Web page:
BEE REMOVAL MIAMI
At Monster Pest Control, we intend to make you feel secure by protecting your home or business from bees. We are licensed, certified, responsible and specialists in bee removal in Miami.
South Florida is home to many essential bees that our vital to crops and our environment. Unfortunately, many bees like to make their nests in your home, outside the home, in your yard, on your tree and ultimately be dangerous to you, your family, and pets. Bees will attack when they feel threatened, and can be deadly to those allergic to their venom. Here at Monster Pest Control, we offer a couple of different services to help get rid of bees with Natural Pest Control methods, Live bee removals, along with bee hive removal in Miami.
Places Bees Love to Nest
- abandoned vehicles
- old tires
- crawl spaces under houses or buildings
- empty containers
- places with holes
- lumber piles
- water meters
- utility infrastructures
African honey bees were brought to Brazil in the 1950’s for testing as possible alternatives to the gentle European honey bee because of
their reputation of being hardy in tropical environments. Some were accidentally released, and then spread throughout South and Central America, and Mexico.
The African honey bee defends its nest far more intensely than does the European honey bee. The African honey bee responds quickly to disturbances by people or animals, sometimes in excess of 50 feet from the nest. African honey bees can chase a human or animal up to a mile or more. Their defensive behavior is an evolutionary response to their many biological competitors, including honey badgers, bee eaters, and even humans, in their native range.
The physical differences between African and European bees cannot be seen by the unaided eye. African bee identification in Florida is done at the Florida Department of Agriculture and Consumers Services (FDACS) apiary lab by morphometric analysis using a microscope and computerized analysis tools.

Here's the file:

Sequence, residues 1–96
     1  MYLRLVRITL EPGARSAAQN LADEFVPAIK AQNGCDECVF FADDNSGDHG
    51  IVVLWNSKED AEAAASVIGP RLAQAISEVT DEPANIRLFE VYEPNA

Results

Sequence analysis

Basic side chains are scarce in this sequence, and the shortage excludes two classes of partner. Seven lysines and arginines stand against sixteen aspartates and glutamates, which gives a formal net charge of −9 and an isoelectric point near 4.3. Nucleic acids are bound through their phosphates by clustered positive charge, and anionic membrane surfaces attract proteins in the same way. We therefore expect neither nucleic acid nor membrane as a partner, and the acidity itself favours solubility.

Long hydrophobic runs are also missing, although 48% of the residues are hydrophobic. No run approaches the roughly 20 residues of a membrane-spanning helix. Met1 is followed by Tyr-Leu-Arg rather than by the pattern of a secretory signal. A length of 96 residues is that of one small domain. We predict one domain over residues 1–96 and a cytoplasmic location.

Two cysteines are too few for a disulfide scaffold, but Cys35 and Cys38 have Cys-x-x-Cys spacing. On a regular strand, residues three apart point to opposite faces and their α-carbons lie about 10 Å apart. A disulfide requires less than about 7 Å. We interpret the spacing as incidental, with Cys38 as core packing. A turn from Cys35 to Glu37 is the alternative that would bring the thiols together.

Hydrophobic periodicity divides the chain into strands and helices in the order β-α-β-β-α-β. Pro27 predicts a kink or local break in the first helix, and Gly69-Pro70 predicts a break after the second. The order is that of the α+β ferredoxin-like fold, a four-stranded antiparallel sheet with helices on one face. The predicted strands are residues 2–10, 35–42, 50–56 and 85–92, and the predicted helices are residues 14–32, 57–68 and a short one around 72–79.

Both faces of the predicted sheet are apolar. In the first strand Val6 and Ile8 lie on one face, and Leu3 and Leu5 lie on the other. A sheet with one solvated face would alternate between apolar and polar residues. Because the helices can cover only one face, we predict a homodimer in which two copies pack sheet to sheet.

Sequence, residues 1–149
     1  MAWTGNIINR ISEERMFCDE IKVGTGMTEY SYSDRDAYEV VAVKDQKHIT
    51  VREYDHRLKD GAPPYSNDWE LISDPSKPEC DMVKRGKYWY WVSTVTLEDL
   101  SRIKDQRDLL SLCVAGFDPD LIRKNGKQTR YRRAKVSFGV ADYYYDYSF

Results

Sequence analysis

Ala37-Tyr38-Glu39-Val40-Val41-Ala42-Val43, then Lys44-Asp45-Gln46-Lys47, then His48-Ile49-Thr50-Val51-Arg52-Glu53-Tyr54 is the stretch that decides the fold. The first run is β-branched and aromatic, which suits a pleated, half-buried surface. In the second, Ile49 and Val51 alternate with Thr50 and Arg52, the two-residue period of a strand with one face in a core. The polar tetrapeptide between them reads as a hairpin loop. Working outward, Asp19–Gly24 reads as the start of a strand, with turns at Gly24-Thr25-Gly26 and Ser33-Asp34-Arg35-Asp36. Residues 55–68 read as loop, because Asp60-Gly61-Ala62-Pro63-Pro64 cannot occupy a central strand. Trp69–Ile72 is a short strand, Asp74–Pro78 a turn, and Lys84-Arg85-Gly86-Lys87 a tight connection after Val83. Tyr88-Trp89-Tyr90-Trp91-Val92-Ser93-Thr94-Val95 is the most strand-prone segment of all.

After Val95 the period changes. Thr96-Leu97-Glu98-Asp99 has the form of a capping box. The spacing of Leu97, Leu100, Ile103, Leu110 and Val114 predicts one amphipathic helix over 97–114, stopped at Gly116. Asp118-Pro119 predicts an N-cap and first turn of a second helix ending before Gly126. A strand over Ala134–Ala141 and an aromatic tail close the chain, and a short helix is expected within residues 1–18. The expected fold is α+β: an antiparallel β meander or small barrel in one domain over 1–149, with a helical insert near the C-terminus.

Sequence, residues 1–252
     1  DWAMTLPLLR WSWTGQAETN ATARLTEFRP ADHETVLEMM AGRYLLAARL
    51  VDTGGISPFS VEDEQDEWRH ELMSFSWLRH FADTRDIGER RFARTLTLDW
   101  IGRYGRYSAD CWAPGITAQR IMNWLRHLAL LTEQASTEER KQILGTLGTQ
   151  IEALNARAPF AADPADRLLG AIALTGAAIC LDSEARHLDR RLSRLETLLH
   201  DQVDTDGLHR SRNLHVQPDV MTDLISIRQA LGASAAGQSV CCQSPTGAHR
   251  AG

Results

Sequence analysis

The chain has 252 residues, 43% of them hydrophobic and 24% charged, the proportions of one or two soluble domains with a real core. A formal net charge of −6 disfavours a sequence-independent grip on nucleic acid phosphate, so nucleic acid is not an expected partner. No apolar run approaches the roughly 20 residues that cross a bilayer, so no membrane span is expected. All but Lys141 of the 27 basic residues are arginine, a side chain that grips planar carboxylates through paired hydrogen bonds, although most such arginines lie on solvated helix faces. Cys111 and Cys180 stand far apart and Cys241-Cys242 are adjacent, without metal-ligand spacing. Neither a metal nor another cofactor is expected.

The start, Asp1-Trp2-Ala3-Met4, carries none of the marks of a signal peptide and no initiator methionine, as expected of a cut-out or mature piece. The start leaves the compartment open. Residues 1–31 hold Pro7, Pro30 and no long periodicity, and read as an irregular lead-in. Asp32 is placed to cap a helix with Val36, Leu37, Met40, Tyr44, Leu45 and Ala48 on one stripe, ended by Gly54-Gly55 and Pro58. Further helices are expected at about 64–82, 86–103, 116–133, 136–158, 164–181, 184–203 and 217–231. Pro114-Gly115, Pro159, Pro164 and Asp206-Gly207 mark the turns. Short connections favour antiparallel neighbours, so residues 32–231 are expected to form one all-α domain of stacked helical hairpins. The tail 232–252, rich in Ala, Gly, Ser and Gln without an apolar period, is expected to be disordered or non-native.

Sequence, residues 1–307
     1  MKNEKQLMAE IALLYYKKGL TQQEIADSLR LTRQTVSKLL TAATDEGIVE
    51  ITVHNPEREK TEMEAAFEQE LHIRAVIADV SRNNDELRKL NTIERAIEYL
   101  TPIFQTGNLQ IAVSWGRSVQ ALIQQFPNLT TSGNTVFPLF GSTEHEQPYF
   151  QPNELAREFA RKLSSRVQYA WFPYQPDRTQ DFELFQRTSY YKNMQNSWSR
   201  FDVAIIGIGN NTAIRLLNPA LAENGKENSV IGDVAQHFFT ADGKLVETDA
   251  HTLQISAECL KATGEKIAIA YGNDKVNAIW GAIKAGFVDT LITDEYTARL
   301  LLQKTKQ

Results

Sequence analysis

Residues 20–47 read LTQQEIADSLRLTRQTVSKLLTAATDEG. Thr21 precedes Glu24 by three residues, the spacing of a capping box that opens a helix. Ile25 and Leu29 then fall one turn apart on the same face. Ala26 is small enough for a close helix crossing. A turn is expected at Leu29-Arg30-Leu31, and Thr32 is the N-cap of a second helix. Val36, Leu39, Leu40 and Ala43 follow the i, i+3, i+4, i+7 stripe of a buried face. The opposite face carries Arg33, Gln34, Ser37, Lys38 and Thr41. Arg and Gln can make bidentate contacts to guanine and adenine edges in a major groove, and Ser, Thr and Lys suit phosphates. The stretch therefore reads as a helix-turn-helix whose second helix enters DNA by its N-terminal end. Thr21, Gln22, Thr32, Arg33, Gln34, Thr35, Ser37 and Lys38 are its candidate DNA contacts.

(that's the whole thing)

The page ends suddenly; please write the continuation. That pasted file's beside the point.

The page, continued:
Carpenter bees get their name from their ability to drill through wood and nest in it. Their drilling will create a nearly perfect hole approximately 1/2 inch in diameter. You will see round holes and a coarse sawdust-like substance called frass underneath the holes. The holes are perfectly round and are about 3/8 inch in diameter. You may find old holes near the newer ones. Old nests can be used year after year by the carpenter bee.Their holes are usually located on the underside of any wood surface including siding, soffits, overhangs, decks, fence posts, fascia boards and window frames.
Carpenter Bees are insects that overwinter in wood nests. They come out in the spring and mate. The females lay their eggs in excavated tunnels called galleries. Since Carpenter Bees pollinate, they provide the baby carpenter bees with a ball of pollen
During the spring, the males seek out the females, hovering around females that found some unfinished wood, such as under eaves, railings, etc. The males are territorial and will confront you if you enter their territory, but they are incapable of stinging. Females have a stinger, but are very docile. Females will nest in a all types of wood, but prefer weathered and unpainted wood.
Male carpenter bees tend to be territorial and can buzz around you if you approach closely, sometimes hovering a short distance in front of your face or buzzing around your head. Since males have no stinger, these actions are just for show and intimidation.
The female bee can squeeze through incredibly tiny places to bore into untreated wood
There are three members of a honey bee colony:
- Queen – mother to all the bees in the colony; she is a fertile female.
- Worker – an infertile female that performs the labor tasks of the colony, including feed preparation, guarding the hive, feeding the queens, drones and brood, and heating and cooling the hive.
- Drone – the male that starts out as an unfertilized egg. Its only purpose in the colony is to mate with a virgin queen. They live to mate with the queen, but not more than one in thousand get the opportunity to mate.
On average, a worker bee in the summer lasts six to eight weeks. Their most common cause of death is wearing their wings out. During that six to eight-week period, their average honey production is 1/12 of a teaspoon. In that short lifetime, they fly the equivalent of 1 1/2 times the circumference of the earth.
The peak population of a colony of honeybees is usually at mid-summer (after spring buildup) and results in 60,000 to 80,000 bees per colony. A good, prolific queen can lay up to 3,000 eggs per day.
Contact us at 786-488-7235 for a FREE Quote from the Miami Bee Removal Experts! Our exterminator will provide you with informative procedures to better understand our Miami bees.